Rights and Responsibilities: Free Speech and Academic Freedom as Social Values

Historical Context and the Principles at Issue

Three recent controversies have raised questions about the value and limits to free speech and academic freedom.  The first involved the paintings of Canadian artist Amanda PL.  She claims that her paintings were  inspired by the work of the Anishnabe artist Norval Morisseau.  She has been criticized by the Chippewa artist Jay Soule as coming close to committing an act of  “cultural genocide.”  The second concerns an editorial penned by now-former editor Hal Niedzviecki in Write magazine.  He called for a “cultural appropriation prize”  for the author best able to write characters not of their own culture.  The third concerns a paper published in the journal of feminist philosophy Hypatia.  The paper argued that there was an analogy to be drawn between trasnsexualism and transracialism:  if people celebrate Caitlyn Jenner for changing sexes, then they should, by analogous reasoning, celebrate  Rachel Dolezal, (a white woman who lived for years as a black woman), for wanting to change races.  The article provoked an unprecedented public campaign that demanded the journal retract the article.

I will work through each of the criticisms in turn.  However, before any useful light can be shed on the controversies, the historical context of the emergence of the principles of free speech and academic freedom need to examined.  One of the most lamentable facts about public discourse in the age of Twitter is that even thoughtful people do not– indeed, cannot, because immediate comment is demanded– stop to think through the historical process through which contemporary political values  have emerged.  When we do stop and think things through historically, the political implications and limitations of the value in question become clear, and we are then better able to negotiate controversies and work out appropriate forms of response to controversial instances of their use.

On February 17th, 1600, the philosopher Giordano Bruno was burned at the stake in Rome.  His execution was ordered by the Pope because Bruno’s teachings:  that matter itself could be understood as the active, self-forming principle of reality and that an all-powerful god would create a universe teeming with other forms of life were deemed heretical.  One hundred and fifty years later the Enlightenment would confront the violent dogmatism of theological authority with the rational principle that disagreements be settled by the better argument.  My point is not to compare critics of potentially offensive speech to the Inquisition, but to remind everyone that the right to free speech was (and should still be) a social value.  It defended the right of individuals to question orthodoxy and repressive  power.  As such, it was a powerful tool in the struggle against all forms of oppression.  It is not–as it is sometimes thought of today– a right to say whatever one wants and give offense just because one can.  Rather, it was a right, in its origins, to explore alternatives and criticize; to expand the scope of human understanding; to protect the voices of the less powerful; to create a social space for the formerly voiceless to speak; and to catalyze non-violent forms of social and political change.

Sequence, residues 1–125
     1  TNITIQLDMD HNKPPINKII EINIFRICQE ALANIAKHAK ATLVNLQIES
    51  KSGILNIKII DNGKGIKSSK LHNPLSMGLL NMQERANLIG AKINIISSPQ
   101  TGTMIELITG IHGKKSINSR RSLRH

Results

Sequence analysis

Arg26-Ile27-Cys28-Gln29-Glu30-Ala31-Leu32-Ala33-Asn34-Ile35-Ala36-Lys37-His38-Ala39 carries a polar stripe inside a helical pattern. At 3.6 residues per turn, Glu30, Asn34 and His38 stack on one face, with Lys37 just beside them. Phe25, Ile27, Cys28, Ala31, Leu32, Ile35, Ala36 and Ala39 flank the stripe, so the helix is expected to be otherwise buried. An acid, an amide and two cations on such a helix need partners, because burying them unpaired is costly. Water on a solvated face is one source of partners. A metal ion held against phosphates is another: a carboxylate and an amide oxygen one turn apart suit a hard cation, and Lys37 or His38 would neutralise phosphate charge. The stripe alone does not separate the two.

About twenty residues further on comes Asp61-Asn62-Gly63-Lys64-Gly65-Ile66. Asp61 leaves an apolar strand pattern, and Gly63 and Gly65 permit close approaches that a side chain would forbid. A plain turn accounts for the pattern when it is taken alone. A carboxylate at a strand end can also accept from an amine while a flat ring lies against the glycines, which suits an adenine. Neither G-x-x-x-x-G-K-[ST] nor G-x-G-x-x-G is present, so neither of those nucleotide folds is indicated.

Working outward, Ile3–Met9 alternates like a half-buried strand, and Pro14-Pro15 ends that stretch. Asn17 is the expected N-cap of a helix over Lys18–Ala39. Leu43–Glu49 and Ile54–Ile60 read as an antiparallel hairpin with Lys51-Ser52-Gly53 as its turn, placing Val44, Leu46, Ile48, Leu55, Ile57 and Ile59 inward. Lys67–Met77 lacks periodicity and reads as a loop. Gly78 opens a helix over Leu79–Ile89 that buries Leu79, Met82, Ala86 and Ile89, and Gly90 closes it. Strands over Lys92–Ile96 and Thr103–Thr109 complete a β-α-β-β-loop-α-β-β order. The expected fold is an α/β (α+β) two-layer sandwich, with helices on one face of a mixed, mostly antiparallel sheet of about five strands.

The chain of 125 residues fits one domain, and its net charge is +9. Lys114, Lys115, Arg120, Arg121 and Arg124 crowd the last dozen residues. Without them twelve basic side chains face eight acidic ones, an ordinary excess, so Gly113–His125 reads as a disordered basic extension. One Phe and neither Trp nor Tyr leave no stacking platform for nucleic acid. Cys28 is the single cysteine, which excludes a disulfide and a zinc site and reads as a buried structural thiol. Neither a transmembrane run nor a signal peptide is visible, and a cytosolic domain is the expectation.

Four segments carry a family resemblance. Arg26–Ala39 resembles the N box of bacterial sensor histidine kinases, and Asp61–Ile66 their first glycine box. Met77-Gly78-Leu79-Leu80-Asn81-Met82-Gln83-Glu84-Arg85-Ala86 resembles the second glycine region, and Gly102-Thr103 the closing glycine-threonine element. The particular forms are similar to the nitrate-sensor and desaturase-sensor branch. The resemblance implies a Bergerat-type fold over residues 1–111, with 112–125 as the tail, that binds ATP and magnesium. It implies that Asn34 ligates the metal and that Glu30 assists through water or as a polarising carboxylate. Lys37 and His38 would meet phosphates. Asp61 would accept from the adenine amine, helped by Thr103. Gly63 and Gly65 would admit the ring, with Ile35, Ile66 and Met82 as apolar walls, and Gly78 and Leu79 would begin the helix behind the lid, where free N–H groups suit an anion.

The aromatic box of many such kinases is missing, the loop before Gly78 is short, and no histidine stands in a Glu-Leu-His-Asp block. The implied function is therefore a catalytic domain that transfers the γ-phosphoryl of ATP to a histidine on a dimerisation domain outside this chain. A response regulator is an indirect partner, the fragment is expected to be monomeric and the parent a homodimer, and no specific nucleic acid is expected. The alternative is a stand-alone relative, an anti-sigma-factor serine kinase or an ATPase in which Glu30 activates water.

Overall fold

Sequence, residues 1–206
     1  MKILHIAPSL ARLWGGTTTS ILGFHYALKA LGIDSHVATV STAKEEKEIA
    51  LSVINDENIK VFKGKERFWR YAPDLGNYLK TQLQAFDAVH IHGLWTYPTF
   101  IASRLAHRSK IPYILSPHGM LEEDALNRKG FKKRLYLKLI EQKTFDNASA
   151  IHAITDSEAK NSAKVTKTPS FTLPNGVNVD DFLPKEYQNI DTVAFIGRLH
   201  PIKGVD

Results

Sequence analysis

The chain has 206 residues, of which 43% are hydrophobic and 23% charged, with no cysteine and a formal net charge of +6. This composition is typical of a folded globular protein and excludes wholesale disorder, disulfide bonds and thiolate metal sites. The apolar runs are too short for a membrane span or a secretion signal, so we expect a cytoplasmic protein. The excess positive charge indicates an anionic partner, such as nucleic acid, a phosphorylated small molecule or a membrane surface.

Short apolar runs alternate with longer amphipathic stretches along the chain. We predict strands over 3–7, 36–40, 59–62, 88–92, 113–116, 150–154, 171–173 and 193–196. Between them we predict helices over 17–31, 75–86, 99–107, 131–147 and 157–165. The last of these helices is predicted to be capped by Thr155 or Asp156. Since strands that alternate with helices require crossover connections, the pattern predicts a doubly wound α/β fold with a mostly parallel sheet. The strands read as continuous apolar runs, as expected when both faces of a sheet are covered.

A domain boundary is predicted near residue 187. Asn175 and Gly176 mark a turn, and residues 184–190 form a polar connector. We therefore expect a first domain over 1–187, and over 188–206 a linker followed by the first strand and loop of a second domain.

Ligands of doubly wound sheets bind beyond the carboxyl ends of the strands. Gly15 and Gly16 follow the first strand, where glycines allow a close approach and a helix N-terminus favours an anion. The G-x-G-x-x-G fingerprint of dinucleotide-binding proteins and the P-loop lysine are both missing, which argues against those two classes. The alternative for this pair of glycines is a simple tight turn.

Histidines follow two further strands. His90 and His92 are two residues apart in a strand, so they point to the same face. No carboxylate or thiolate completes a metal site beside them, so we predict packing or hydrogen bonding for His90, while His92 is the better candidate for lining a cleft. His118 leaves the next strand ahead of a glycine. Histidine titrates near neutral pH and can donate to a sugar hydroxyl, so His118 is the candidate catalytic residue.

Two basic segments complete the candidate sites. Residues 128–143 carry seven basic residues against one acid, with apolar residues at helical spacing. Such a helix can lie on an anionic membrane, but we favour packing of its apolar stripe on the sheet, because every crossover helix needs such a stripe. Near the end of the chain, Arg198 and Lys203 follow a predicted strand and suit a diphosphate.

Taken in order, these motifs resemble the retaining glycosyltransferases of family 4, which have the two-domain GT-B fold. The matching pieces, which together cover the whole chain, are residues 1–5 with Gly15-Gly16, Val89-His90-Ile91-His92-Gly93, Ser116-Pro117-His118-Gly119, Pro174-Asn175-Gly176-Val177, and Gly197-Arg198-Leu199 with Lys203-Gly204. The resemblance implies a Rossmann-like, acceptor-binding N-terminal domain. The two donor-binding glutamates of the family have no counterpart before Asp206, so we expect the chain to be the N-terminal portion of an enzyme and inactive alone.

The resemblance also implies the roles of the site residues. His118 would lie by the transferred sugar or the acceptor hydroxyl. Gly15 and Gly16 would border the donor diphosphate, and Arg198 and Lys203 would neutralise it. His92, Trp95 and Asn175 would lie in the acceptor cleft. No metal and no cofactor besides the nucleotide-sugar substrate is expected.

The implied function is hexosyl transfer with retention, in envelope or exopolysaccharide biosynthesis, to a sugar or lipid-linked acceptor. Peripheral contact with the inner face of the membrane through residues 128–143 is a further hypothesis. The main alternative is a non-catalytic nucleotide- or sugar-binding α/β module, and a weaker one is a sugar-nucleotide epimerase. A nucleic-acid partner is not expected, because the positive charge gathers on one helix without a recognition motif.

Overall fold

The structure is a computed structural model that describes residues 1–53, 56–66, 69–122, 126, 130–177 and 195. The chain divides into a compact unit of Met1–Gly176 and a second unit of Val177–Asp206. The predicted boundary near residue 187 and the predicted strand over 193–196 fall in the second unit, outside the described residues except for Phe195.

Academic freedom is a species of the genus free speech.  It has no constitutional grounds but is protected only by convention and faculty collective agreements.  In Canada its origins date to the firing of Harry Crowe.  In 1958 the history professor was fired for criticizing the religious authorities who ran United College (today the University of  Winnipeg).  His firing spurred the formation of the Canadian Association of University Professors, whose core mission includes protection of academic freedom from threats inside of and outside of the academy. The only reason any critical voices are heard in universities anywhere today is because of the space academic freedom protects.  Marxists, feminists, trans-activists, and critical race theorists would all be gone if academic freedom did not protect their right to criticize established structures of power, gender and racial norms, and anything else that can be made the object of critical scrutiny.  Struggles around free speech, free expression, and academic freedom have often been led by the most marginalized and oppressed groups.  Their struggles to give public expression to their realities and needs  has radically transformed the cultural landscape of liberal-democratic-capitalist society for the better.